Spark / Holiday Testers

Premature corrosion of a substrate is usually due to the failure of the coating. A major cause of failure is the presence of flaws in the finished coating.

Collectively referred to as a coating’s porosity the main types of flaws are described below:

Runs and sags – The wet coating moves under gravity leaving a thin dry film.

Cissing – Occurs when a coating does not re-flow to cover the voids generated by air bubbles being released from the surface of a coating.

Cratering – Occurs when the substrate is wet or if the coating has poor flow characteristics, thus creating voids in the coating.

Pinholes – Caused either by air entrapment which is then released from the surface, or by the entrapment of particulates (dust, sand, etc.) which do not stay in place.

Over coating – If too much coating is applied to a substrate, as the coating cures it can crack from internal stresses of the coating.

Under coating – Areas are not coated or the coating flows away from particular edges, corners of a substrate and welds.

Furthermore, over a rough surface profile, insufficient coating may leave the profile’s peaks exposed. The consequent cost of repairs and subsequent loss of production can be considerable. Early inspection for coating flaws will prevent the expense and inconvenience of a coating failure. Instruments used to detect coating flaws are referred to by many different names, these include spark or jeep testers, porosity or holiday detectors and pinhole testers.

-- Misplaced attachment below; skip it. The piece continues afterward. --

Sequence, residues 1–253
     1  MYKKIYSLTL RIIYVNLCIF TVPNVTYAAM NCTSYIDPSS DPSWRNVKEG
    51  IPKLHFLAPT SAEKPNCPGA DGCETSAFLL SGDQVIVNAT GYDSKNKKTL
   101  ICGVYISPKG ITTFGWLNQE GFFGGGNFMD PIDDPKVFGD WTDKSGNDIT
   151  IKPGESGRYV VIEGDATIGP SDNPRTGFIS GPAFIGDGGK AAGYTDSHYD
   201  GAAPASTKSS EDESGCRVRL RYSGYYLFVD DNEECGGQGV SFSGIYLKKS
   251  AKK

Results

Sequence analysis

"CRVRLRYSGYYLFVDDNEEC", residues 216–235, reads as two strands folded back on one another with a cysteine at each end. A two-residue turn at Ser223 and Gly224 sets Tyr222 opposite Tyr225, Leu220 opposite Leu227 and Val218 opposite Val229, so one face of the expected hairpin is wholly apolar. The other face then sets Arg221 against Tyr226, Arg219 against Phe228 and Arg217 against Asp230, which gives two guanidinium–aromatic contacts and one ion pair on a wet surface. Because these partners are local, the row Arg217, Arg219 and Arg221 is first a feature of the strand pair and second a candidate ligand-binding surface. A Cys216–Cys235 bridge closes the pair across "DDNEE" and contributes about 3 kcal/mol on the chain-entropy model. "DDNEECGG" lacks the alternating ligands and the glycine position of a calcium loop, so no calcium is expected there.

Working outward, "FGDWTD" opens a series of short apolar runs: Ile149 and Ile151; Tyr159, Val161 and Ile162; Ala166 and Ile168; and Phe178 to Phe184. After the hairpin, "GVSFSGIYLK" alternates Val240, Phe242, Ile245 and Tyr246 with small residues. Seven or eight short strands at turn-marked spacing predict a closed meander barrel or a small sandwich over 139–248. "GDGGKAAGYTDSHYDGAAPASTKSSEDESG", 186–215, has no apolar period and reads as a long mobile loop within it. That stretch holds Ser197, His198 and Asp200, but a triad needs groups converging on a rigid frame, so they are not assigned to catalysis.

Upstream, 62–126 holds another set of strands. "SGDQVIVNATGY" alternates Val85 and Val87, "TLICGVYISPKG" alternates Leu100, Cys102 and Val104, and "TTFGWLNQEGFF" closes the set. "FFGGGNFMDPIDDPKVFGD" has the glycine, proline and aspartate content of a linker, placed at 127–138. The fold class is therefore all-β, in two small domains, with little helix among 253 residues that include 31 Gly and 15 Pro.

High Voltage Technique

Locates all flaws in insulating coatings on conductive substrates, the high voltage technique can be used to test coatings up to more than 7mm thick. This method is ideal for inspecting pipelines and other protective coatings. Coatings on concrete can also be tested using this method.

A power supply generates a high DC voltage which is connected to a suitable probe with an earth return connected to the substrate. As the probe is passed over the coated substrate, a flaw is indicated by a spark at the contact point which sets off the alarm. This technique is suitable for identifying all of the flaws described above, however care is required on thin coatings.